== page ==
Trickster Notation

Press release for Alex Bag’s solo show, 'Exhibition' at Luca’s Gallery, London - September 2023


Holding a great intellect or secret knowledge, the figure of the trickster defies conventional behaviour. Upturning clearly defined states, it permits itself the freedom to transgress boundaries that others cannot. Just as the secret genius is mistakenly cast as the deadbeat slacker, the danger and cunning of the trickster is revealed through an acknowledgement of its own position, where perceptual naivety becomes its greatest weapon.

Unsure whether I’m a trickster myself (which proves that I’m not one), I google the phrase. Translated from Vulgar Latin, triccare means to "be evasive” or to “shuffle," While tricæ denotes "trifles, nonsense, a tangle of difficulties". I see a court jester in a patterned outfit of red and yellow diamonds, playing an elaborate game. He drinks but is no fool: like a dog must love and never mess the rug, the jester must remain the butt of all jokes to earn his keep. Ergo, a trickster requires covert, illusive and hysterical qualities in order to fill its proverbial curved and belled shoes. It may be helpful here to examine why people fear figures aligned with trickiness. Coulrophobia - a fear of clowns - is present among both adults and children across many cultures. I believe that my own fear emerges from an inability to fully locate a human other within clown-kind’s exaggerated features. With hidden faces, warped bodies and fabricated personas, the rules they obey become similarly uncertain. With social convention garishly flipped on its head, truth becomes ambiguous.

I sit and wonder why humanity hasn’t put more thought into conquering commonly feared entities. A fear of ghosts - phasmophobia - literally means a ‘fear of apparitions’. This notion of fearing surprise, as a kind of apparition, reminds me of the pressure of opening a Birthday present, and of Victorian parlour tricks. The magician and the showman - like the trickster - acknowledge and obscure their abilities in order to gain control. An early instance of a scientifically achieved illusion being performed live, John Henry Pepper, through a series of refractive mirrors, presented ‘ghosts’ to a Victorian audience. The apparitions, back-projected from below the stalls, were able to interact with on-stage props through an elaborate wirework, effectively creating a live moving image. More recently, Elvis, Tupac and MJ have been reanimated by more complex renditions of Pepper’s Ghost Illusion, drawing the notion of the spectre further into the cultural imaginary through the possessed lives of celebrities.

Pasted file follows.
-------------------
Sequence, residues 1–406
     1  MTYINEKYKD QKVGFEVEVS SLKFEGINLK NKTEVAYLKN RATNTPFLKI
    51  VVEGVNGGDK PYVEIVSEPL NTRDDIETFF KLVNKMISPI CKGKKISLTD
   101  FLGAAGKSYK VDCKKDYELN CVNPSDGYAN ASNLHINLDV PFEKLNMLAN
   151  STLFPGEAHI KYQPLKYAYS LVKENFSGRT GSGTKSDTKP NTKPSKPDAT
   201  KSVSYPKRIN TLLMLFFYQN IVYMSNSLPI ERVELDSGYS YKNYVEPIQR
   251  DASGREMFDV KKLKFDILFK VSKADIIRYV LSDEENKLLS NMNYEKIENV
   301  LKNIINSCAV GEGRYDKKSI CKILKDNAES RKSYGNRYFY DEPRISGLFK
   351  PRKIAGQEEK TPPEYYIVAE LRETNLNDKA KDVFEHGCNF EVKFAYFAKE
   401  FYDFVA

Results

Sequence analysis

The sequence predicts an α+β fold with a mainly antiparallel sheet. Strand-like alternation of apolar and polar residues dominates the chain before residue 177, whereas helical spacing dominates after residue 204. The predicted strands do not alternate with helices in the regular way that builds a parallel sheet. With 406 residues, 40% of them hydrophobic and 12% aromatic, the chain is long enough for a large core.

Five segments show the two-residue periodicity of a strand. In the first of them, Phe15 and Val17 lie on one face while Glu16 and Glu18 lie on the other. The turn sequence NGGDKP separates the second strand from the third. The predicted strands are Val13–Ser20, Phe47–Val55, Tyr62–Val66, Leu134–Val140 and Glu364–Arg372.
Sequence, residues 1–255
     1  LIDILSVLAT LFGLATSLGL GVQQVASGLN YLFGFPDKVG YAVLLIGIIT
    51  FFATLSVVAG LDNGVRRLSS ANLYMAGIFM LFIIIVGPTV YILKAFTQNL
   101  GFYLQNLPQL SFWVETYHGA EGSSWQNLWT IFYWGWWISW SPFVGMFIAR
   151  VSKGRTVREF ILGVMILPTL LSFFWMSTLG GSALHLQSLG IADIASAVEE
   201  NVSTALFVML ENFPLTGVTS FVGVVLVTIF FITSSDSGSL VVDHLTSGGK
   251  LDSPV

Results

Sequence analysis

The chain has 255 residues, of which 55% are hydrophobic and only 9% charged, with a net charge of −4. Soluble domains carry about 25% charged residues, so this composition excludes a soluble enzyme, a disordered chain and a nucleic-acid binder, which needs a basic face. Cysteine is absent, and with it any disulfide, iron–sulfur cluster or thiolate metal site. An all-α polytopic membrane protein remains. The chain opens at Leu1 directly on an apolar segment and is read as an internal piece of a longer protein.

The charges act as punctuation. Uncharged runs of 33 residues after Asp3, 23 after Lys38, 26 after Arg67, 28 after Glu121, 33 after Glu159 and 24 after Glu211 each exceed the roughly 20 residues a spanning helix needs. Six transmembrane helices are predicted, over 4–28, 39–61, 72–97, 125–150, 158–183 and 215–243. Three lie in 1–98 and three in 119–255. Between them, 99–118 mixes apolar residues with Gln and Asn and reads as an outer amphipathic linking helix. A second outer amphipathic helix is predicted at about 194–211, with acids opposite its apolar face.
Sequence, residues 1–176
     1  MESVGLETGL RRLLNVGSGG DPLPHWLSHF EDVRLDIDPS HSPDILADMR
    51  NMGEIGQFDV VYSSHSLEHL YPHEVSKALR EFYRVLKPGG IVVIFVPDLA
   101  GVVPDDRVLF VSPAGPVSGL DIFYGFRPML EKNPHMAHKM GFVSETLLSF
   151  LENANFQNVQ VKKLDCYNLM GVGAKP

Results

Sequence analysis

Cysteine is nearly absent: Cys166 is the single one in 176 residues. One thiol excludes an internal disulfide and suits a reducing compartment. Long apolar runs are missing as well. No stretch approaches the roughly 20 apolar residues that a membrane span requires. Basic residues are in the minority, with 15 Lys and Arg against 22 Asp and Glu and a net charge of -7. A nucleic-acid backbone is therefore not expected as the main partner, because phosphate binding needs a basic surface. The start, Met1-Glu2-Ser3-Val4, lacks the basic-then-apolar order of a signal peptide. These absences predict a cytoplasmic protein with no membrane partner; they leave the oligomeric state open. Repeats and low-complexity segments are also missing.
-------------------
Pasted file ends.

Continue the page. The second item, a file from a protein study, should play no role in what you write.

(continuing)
I often think that to define anything at all, something to oppose, or something to be measured against, is useful. In hiding the truth, the trickster’s status is mirrored by the idea of revelation: a key trope in European fables. The trickster of these stories - often depicted as a fox - is able to outsmart its opponents through poetic teachings. In England, illegal fox hunts recur regularly as a ‘fundamental rural pastime’. Led by a pack of scent hounds, a group of followers on foot or horseback aim to confuse, exhaust and eventually kill the creature. The fox’s tricksy aspect, I suppose, lies in its ability to outwit and escape its outnumbering enemies, establishing a dynamic between the Big Other of the hunting party and the plucky determination of the fox as a sympathetic individual.